Microsoft has announced a new set of principles for its app store, including open access to developers who meet privacy and security standards, as it jumps through regulatory hoops to gain approval for Call of Duty maker Activision Blizzard mega-deal.
Microsoft will file for approval of the deal in 17 jurisdictions for the $68.7bn deal, the company’s president, Brad Smith said.
Smith said he had previewed the app store policies in the US from lawmakers and received “a positive reaction.”
“Our goal is to build what’s called a universal store for games,” he added.
“In other words, a store that anyone can access on any device on any platform to purchase or download any game that a developer chooses.”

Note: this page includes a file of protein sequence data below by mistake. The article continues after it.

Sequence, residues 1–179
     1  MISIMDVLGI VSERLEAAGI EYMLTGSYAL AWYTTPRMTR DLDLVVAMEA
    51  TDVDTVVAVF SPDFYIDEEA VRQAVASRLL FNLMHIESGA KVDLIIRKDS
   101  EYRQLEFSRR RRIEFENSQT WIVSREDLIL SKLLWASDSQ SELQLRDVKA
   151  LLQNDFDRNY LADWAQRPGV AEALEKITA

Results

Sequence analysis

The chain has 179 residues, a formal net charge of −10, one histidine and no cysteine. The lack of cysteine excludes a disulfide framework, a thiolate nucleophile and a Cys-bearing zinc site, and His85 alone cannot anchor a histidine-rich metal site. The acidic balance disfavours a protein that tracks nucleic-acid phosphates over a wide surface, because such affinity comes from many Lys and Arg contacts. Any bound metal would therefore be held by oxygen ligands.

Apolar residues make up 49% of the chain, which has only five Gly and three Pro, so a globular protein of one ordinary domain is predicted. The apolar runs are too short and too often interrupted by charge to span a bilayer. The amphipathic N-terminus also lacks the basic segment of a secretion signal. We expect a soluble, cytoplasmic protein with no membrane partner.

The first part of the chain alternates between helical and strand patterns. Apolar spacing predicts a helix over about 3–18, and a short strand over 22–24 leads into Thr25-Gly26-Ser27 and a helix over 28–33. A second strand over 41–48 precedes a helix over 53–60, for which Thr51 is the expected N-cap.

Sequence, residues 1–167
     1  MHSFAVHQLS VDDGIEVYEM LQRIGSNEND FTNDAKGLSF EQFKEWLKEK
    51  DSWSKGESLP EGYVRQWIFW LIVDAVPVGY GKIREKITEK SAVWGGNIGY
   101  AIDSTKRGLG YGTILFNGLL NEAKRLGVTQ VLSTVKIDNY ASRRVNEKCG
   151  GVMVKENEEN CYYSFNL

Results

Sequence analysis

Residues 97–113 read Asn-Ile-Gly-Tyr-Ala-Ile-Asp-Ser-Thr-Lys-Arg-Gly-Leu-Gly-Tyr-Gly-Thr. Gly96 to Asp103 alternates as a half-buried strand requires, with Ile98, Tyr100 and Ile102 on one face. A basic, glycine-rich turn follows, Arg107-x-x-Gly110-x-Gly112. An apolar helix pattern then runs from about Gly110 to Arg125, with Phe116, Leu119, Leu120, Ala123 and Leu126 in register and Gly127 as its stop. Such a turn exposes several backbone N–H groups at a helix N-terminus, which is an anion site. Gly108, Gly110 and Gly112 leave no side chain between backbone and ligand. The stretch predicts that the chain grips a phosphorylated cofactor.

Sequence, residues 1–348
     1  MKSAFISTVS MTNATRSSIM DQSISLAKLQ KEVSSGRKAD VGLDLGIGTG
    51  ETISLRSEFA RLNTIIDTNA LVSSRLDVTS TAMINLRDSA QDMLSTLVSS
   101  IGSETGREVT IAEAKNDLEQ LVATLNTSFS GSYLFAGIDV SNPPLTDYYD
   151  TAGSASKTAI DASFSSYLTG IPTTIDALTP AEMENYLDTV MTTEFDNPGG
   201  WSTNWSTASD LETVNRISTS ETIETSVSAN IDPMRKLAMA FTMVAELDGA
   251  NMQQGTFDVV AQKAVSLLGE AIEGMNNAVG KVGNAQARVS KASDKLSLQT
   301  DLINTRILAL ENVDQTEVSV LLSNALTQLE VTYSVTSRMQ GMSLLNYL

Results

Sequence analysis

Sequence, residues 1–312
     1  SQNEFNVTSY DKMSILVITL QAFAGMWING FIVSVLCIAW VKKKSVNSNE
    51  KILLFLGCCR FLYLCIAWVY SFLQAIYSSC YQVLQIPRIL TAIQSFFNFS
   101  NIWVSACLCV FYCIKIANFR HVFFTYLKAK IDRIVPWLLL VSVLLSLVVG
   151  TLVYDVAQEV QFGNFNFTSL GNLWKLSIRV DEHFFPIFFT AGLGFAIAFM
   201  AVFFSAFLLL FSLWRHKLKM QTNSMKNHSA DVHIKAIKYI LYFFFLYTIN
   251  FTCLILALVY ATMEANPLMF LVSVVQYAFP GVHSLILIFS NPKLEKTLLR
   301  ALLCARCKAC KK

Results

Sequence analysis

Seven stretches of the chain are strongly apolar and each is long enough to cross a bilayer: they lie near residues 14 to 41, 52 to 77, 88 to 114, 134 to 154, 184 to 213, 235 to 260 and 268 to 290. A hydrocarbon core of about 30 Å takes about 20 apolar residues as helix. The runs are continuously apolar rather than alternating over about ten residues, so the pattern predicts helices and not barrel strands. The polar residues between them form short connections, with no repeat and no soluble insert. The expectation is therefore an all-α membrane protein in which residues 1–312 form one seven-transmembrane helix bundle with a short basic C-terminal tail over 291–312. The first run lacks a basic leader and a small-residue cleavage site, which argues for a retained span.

“We have developed these principles in part to address Microsoft’s growing role and responsibility as we start the process of seeking regulatory approval in capitals around the world for our acquisition of Activision Blizzard,” the tech giant said in a blog post.
It also notably agreed to refrain from “unreasonable preferencing or ranking” of Microsoft apps over others.
As the biggest deal in gaming history, Microsoft has rocked the industry, causing severe cause for concern from the likes of Sony.
Microsoft unveils new app store guidelines as it woos regulators on deal